With more than 20 years in health care as a physician and administrator, it's become evident to Benjamin Chu, M.D., that providers treat people "at the end point" of a long slide, after all the factors that contributed to a medical condition have had their effect. "We're downstream, we're right at the end of all these tributaries, so we're sort of in a delta, catching all of this stuff as it's coming down," Chu says. Most determinants of serious conditions, he observes, "are amenable to early intervention."
Now chair-elect of the American Hospital Association board of trustees and group president of Kaiser Permanente's Southern California Region and Hawaii, Chu's "biggest awakening" came when he ran an emergency department in New York that not only had a high number of asthma-crisis cases but "time and time again were the same people," he recalls. "It begs the question: Could we actually do a better job of realigning some of the resources by focusing a little bit more upstream on some of those determinants?" In short, do more earlier instead of at the end?
The answer to that question should be a resounding "yes" in this emerging era of accountability for the overall health of people. Led by a range of Medicare pilot programs emanating from the Patient Protection and Affordable Care Act, providers are being held responsible for the health status of a defined population instead of just those who see a clinician or go to a hospital. This step up to population-level health involves identifying the people in a community who need attention and giving it to them.
Population health is in large part a quest to systematically find and proactively fix health care problems that afflict whole classes of people similarly. "The reason we fail as health care organizations is we only realize who we are impacting by who we see," says Donald Caruso, M.D., a family physician and medical director at Cheshire Medical Center/Dartmouth-Hitchcock Keene (N.H.). "There's a population out there that doesn't come and see us — but they don't see anyone. Yet they're the people we take care of in their 50s and 60s, 70s and 80s with all their chronic-disease problems."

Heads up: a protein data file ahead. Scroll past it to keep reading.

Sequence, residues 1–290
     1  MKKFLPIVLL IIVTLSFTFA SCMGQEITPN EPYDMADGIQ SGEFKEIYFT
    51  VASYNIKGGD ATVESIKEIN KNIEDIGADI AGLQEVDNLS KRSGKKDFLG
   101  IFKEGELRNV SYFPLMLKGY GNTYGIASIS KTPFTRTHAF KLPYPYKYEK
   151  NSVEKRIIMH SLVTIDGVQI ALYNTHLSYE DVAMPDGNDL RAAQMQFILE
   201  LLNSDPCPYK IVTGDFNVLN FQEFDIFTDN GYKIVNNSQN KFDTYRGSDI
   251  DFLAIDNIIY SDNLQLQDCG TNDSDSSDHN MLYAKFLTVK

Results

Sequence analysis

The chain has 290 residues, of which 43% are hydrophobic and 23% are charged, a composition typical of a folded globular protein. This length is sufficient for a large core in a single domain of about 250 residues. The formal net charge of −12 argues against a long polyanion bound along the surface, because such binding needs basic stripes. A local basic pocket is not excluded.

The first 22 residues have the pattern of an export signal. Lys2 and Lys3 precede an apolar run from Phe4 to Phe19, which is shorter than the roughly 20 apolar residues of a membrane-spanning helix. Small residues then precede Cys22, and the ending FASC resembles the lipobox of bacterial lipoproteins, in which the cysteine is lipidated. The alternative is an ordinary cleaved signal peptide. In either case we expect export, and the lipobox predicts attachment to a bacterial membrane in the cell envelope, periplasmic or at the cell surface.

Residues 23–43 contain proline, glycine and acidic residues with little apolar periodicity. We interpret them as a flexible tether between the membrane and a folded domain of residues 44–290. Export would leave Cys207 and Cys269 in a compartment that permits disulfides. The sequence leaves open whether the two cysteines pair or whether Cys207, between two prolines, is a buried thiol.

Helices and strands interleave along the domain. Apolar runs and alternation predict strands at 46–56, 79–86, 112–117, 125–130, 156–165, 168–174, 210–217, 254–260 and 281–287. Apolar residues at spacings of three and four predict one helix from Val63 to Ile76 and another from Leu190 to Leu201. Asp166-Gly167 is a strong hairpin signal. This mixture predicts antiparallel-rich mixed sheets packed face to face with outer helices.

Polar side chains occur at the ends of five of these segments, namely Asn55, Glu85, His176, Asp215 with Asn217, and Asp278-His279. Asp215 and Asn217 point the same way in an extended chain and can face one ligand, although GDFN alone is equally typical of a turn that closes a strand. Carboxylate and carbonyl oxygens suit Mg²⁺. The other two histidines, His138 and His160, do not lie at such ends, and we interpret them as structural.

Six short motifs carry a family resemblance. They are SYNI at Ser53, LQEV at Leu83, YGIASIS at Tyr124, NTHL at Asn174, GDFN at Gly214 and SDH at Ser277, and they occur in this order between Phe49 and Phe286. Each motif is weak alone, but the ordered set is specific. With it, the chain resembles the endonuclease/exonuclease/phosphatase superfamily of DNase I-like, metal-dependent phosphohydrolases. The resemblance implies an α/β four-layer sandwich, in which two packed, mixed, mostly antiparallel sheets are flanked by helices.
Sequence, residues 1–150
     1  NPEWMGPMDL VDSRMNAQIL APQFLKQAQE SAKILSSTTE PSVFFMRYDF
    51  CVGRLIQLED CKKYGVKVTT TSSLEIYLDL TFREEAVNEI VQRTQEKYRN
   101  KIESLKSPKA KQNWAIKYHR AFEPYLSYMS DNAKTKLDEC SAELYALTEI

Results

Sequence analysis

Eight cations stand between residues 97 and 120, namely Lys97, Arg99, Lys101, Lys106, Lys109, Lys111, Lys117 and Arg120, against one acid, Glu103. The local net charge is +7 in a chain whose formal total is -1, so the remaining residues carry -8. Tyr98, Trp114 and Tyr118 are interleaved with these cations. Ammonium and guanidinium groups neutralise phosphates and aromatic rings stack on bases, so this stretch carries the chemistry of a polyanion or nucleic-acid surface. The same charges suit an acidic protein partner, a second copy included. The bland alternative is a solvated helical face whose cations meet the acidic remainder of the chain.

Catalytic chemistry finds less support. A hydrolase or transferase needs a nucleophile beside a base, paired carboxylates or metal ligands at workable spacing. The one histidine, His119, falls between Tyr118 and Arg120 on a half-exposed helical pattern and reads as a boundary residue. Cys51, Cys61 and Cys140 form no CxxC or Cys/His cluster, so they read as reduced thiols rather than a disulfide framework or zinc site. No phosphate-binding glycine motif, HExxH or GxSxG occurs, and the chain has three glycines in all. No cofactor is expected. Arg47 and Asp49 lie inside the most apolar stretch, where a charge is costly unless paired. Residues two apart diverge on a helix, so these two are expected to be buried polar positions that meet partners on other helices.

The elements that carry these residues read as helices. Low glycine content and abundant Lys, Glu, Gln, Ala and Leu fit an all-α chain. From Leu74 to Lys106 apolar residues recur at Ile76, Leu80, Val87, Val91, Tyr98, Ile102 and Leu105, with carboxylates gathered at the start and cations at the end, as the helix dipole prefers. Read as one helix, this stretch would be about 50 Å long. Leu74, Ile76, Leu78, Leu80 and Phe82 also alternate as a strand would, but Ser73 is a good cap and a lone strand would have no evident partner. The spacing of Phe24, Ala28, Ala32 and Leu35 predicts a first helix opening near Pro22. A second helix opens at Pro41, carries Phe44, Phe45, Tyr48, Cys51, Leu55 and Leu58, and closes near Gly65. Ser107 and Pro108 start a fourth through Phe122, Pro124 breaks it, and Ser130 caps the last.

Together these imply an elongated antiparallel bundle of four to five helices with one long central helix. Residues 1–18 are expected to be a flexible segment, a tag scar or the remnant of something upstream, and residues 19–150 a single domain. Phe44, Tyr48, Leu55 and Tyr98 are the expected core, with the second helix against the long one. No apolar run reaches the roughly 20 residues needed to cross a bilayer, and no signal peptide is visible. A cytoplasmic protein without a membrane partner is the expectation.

His message to governing board members: "As a trustee, as a member of the community, you have an obligation to look at your community and say [for example] just treating someone's cardiovascular disease and sending them for a stent at the tertiary-care hospital can't be all we should be doing. It really has to be: How do we keep people from getting there?"
To bring the urgency and opportunity of population health closer to home for trustees of health care organizations, Trustee interviewed experts on it as well as executives of health systems that took a population-based and community-focused approach a number of years ago. Their advice and observations are distilled into a list of 10 things trustees should know about population health.
1 This is not voluntary. Accountability for the health status of a population is where we're headed.
So says David Nash, M.D., dean of the Jefferson School of Population Health in Philadelphia. Hospitals already are on the hook to prevent discharged patients with certain diagnoses from having to be readmitted within 30 days. "That's all about practicing effective population health to prevent a readmission," says Nash. The ACA's experiments in accountable care organizations and other value-based, outcome-oriented models of approaching health improvement are pilots now but suggest the paths the government will take.